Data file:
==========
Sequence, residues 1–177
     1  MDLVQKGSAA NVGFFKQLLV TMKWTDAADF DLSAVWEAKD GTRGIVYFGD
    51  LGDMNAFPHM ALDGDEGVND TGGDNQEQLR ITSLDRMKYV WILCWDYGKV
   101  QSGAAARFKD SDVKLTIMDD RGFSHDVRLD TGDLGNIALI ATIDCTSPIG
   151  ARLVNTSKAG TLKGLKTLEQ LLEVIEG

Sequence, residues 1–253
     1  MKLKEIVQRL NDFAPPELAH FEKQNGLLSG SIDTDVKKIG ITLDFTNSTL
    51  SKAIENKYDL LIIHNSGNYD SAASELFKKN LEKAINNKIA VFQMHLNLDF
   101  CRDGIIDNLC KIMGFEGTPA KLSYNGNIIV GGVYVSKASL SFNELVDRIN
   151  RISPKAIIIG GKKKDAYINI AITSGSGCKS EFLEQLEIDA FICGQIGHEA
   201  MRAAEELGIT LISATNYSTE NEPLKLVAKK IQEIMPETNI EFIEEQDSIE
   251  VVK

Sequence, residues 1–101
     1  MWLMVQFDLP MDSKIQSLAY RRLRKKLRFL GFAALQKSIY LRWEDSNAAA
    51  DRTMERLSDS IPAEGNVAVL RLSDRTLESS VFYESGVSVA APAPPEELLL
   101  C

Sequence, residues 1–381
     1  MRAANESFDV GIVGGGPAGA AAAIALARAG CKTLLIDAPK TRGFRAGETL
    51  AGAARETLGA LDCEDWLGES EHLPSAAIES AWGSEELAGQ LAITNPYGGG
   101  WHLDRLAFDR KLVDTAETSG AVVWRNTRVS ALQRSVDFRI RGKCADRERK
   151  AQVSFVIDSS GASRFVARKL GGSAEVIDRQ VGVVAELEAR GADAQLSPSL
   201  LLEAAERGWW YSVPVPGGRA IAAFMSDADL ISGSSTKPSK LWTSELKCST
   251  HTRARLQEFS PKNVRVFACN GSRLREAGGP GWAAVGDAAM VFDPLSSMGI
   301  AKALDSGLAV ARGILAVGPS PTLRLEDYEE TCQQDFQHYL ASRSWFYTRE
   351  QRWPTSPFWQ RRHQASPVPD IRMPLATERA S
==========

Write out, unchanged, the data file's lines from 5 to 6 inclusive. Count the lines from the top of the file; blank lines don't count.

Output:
   151  ARLVNTSKAG TLKGLKTLEQ LLEVIEG

Sequence, residues 1–253